Caregiving From a Distance

By Carol Heffernan
Share on facebook
Share on twitter
Share on pinterest
Share on print
Share on email
Caregiving From a Distance
How can you help when your elderly mother or father who lives many miles away?

If you are coping with the frustrations, concerns and guilt that often accompany long-distance care giving, you are not alone. Recent estimates from the Alzheimer’s Association indicate that more than 3 million adults provide assistance remotely for ailing or vulnerable relatives, usually aging parents.

Making sure Mom and Dad are well cared for is a difficult challenge; doing so from many miles away has its own set of issues. What happens in an emergency? Are medications properly administered? Who’s there to lend a hand with the activities of daily living?

It’s no wonder common care-giving stress intensifies when involvement is from afar. Oftentimes, aging parents fear “being a burden” to their adult children, so they fail to be forthright about their declining health. Parental pride, privacy and sometimes embarrassment may also prevent adult children from really knowing the severity of a situation.

Still, taking stock of your parents’ needs—ideally before a predicament arises—will help everyone involved.

  • Discuss care choices as a family. Find out what your parents want assistance with now, and what kind of help is available in the future. Your parents’ needs will change, so this is the time to explore services and resources within the community.

    Who can help with grocery shopping and errands? What if the house cleaning becomes too much to handle? Who can be trusted to answer any financial questions? Together, compile a list of names and numbers with important contacts, including doctors, neighbors, senior center liaisons, etc. Encourage your parents to maintain as much independence as possible, but learn as much as you can about any resources available.

  • Establish a circle of community support. Alert long-time friends, neighbors, family members—even the mail carrier—about your parents’ condition, so you have a network of people to call if you need someone to check in with them. Encourage those in your support system to visit regularly, or if possible, set up a schedule detailing who will stop by during the week.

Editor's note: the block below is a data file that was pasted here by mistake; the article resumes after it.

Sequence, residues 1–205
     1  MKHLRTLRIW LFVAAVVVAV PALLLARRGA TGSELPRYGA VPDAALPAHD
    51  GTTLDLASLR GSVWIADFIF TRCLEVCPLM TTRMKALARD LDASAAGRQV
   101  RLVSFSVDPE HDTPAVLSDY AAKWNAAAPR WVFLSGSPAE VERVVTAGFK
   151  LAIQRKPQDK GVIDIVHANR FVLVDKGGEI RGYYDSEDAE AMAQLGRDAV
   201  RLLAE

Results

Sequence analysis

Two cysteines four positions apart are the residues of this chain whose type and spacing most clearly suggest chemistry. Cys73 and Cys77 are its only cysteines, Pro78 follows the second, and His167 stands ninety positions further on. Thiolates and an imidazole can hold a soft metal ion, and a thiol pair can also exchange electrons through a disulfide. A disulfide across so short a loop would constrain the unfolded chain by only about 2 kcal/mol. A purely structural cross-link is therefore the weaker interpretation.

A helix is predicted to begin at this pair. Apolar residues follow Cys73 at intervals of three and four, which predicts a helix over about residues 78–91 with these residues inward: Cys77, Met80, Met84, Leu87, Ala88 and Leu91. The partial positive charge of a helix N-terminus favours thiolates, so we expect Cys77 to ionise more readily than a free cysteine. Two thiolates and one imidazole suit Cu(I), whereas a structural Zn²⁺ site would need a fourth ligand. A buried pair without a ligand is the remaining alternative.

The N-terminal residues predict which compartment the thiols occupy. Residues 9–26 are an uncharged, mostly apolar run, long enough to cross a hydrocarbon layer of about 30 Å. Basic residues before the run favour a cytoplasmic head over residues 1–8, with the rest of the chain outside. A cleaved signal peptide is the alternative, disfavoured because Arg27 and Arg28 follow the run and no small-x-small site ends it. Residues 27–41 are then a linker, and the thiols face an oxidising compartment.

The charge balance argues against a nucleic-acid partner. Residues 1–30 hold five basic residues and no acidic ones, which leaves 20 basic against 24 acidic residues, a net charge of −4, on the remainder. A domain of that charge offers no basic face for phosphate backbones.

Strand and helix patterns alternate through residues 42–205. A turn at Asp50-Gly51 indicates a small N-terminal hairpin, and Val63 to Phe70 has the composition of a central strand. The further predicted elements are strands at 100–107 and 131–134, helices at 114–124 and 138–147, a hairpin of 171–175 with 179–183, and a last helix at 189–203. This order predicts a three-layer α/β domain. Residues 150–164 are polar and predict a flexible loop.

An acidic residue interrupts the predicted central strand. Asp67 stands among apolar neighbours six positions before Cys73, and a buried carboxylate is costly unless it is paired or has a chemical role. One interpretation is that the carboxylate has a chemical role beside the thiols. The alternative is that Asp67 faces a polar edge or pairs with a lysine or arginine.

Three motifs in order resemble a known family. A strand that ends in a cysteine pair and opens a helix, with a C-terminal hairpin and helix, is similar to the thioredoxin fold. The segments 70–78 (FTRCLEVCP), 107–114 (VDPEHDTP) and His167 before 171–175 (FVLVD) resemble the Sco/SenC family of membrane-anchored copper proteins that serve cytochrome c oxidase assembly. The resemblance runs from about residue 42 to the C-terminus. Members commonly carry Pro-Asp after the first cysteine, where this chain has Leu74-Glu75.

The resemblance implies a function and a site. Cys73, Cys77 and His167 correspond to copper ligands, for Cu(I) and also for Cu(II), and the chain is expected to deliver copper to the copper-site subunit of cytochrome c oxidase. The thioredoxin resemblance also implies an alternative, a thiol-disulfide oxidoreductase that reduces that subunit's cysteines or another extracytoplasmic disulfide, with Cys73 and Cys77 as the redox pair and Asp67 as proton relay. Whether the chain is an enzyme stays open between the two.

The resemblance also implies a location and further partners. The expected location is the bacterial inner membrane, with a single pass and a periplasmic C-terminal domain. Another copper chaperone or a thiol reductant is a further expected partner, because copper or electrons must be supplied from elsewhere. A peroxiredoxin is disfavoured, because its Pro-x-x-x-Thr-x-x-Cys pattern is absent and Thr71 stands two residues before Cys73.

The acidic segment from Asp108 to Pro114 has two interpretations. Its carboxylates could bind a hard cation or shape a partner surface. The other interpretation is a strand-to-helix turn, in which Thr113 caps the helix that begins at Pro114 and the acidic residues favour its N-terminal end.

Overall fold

You can also enlist help from local churches, civic groups and volunteer organizations. They may provide transportation, companionship or meal delivery. Make sure all of your contacts have your phone number in case they spot a problem.

  • Ask your parent if you can go along to a doctor’s appointment. When you’re in town, this is one visit that’s definitely worth your time. Get to know your parents’ doctors, nurses and any social workers on staff. Talk with your family beforehand about questions and concerns, and take notes on what the medical staff recommends.

    Work with your parent to draw up a list of each medication being taken, and review that list with the doctor. Establishing a relationship with your parents’ doctors will make talking with them easier down the road. Also, medical staff may have inside information on valuable community resources.

  • Evaluate in-home safety. When you visit, walk through the house room-by-room with your parents and look for possible hazards and safety concerns. Loose rugs, furniture in a walkway or newspapers, electrical cords, plants on the floor could pose as a problem.

    Check the lighting in each room, and make sure adequate lighting exists for late-night trips to the kitchen or bathroom. Evaluate the safety of the handrails and stairs, the bathtub and toilet and any potentially dangerous belongings such as weapons, tools or medications.

    Making needed home improvements now will offer more peace of mind in the future.

  • Keep in touch often, via phone, e-mail or letters. Some families find it valuable to purchase a cell phone for their parents (Don’t forget to teach them how to use it!) in case of an emergency. Others program important numbers into the speed-dial to make the calls less of a hassle.

    Most long-distance caregivers would like to spend more time with their parents, but frequently connecting by phone may be the most viable option. Stay alert for any warning signs that your parent may require additional care. Look for opportunities to communicate by mail and e-mail. Send pictures, cards and interesting articles. And above all, remind your parent of your constant love and support—no matter the distance between you and them.

Copyright © 2007 Carol Heffernan. Used with permission. All rights reserved.

Share on facebook
Share on twitter
Share on pinterest
Share on print
Share on email

How useful was this article?

Click or Tap on a star to rate it!

Average Rating: 0 / 5

We are sorry that this was not useful for you!

Help us to improve.

Tell us how we can improve this article.

You May Also Like

Focus on the Family

Have you benefited from a Focus on the Family ministry or resource? Share your story today and help families thrive.